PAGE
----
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New Hybrid Grapes Help Grow Wine Industry in Cold US Regions

Bruce Reisch

Bruce Reisch

AP via ABC News [2015-06-07]:

The Marquette grapevines clinging to a steep, rocky hillside in the southeastern Adirondacks are among a host of new grape varieties that have enabled a boutique wine industry to take root in areas of the Northeast and Midwest that were previously inhospitable.

There were about 2,000 wineries in the U.S. in 2000; today, there are more than 8,000, according to the industry publication Wines and Vines.

“Across the country we’ve seen a huge expansion in wine and grape production and wine-related tourism,” said Bruce Reisch, who leads Cornell University’s wine and grape research and development program in New York’s Finger Lakes.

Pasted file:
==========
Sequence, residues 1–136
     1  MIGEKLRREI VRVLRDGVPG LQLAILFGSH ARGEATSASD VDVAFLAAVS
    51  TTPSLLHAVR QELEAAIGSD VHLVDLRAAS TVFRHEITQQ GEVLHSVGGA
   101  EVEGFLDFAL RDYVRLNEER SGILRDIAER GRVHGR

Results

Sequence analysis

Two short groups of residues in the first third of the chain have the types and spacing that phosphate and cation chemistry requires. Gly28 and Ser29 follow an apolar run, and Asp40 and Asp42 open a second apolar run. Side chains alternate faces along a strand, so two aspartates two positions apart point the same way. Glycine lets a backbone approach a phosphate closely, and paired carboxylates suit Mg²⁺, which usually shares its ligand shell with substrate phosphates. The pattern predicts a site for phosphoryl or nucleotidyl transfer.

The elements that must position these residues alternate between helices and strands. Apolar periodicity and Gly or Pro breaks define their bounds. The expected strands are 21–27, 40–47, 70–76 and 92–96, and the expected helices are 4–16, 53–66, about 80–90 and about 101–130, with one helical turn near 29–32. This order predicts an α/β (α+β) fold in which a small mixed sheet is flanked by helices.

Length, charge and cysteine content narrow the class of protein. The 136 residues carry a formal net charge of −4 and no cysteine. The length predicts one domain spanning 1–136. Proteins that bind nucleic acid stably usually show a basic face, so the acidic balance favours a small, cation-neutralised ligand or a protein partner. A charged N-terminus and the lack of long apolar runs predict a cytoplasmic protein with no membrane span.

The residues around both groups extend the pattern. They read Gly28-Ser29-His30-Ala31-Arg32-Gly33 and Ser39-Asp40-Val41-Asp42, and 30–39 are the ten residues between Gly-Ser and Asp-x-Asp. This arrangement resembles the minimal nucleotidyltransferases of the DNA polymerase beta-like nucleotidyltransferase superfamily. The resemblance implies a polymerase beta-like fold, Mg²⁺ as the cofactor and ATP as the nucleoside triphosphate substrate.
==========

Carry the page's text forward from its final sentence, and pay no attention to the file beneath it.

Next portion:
And the new influx of tourism dollars can be traced to, among other places, Cornell and the University of Minnesota, which have developed these hybrid grapes that withstand brutal winters and disease — and provide the quality and consistency needed to produce fine wine in places like Minnesota, Iowa, Nebraska and Ohio.

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